Advanced Series Advanced Series GT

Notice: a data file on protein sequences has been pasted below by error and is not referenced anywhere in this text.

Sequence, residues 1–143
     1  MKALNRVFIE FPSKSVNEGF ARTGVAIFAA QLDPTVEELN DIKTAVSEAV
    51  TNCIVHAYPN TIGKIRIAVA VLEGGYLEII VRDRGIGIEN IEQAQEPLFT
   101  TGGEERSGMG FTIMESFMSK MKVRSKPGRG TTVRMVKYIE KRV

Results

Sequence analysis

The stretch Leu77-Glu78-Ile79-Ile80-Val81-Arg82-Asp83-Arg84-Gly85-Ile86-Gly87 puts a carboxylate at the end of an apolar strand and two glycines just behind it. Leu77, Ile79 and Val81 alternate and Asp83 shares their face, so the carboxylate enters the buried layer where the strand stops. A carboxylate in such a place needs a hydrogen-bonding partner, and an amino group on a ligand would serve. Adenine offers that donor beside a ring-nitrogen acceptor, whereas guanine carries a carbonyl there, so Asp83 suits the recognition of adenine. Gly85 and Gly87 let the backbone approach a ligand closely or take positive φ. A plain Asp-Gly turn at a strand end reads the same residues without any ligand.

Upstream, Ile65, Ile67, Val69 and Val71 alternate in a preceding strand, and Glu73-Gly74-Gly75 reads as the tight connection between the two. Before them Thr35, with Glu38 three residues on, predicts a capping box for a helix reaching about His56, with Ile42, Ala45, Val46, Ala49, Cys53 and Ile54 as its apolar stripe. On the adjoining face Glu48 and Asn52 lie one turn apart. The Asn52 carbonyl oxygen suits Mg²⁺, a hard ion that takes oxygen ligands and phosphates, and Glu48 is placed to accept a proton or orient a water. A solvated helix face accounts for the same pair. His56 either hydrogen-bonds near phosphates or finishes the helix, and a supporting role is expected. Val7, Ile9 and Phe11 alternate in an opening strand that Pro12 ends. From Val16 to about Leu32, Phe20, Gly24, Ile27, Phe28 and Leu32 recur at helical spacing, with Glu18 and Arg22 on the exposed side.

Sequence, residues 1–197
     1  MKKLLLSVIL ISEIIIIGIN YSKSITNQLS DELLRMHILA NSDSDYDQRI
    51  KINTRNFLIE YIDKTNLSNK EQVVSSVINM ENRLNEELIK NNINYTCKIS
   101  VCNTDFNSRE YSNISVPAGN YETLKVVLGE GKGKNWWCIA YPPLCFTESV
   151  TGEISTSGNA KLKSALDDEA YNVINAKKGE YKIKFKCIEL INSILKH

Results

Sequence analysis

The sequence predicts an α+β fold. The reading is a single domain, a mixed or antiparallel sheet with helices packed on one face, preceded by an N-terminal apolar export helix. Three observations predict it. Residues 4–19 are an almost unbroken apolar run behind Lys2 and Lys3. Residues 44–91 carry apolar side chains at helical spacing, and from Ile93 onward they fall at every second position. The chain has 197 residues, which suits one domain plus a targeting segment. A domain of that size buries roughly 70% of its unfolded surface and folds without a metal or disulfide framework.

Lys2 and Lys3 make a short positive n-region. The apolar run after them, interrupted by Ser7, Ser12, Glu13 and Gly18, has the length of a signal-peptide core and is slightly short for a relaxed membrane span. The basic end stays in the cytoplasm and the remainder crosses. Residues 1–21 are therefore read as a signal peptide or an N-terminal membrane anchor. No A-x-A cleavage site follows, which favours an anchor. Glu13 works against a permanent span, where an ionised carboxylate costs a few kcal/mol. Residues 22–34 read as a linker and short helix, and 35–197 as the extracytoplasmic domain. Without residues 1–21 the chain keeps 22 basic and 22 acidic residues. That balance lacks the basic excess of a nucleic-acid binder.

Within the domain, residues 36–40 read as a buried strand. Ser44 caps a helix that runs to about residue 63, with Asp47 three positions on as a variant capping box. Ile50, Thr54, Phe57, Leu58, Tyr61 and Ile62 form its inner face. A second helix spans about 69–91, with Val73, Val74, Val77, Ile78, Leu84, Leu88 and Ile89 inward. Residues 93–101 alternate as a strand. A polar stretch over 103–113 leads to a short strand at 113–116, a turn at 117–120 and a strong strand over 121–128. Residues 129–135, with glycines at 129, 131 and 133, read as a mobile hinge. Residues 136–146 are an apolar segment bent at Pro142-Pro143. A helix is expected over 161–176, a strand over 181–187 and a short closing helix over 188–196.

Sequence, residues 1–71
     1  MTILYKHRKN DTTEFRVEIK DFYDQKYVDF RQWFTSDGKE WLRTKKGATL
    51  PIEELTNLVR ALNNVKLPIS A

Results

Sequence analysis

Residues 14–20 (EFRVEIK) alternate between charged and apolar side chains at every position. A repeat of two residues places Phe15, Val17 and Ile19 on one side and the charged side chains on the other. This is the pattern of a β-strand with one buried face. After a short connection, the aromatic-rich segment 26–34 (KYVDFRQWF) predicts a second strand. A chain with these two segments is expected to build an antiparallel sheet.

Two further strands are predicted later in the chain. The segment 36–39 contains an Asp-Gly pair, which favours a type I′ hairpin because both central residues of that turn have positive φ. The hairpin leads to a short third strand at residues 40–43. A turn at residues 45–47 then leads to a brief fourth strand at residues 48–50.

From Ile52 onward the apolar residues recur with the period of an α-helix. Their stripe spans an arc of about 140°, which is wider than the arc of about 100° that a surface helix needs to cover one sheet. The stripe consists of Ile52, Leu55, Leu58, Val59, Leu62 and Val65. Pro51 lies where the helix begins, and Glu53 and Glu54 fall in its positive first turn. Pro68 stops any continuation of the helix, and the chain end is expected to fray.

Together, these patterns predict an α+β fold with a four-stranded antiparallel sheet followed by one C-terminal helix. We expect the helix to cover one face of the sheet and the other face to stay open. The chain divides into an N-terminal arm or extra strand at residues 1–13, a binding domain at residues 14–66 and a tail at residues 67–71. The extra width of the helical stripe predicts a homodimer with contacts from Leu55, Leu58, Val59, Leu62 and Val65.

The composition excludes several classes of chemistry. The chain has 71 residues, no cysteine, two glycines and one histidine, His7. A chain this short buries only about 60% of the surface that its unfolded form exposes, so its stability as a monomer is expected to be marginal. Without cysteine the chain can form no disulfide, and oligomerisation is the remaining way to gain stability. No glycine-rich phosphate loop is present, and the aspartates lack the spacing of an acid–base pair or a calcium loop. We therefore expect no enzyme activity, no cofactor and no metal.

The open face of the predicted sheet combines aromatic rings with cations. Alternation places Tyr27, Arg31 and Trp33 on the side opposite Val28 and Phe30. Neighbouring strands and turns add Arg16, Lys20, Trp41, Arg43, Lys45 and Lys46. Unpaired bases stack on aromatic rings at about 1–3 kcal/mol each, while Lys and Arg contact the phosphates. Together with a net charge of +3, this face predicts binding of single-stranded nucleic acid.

INSTRUCTION MANUAL

C6-S

C8-S

C9.25-S

C11-S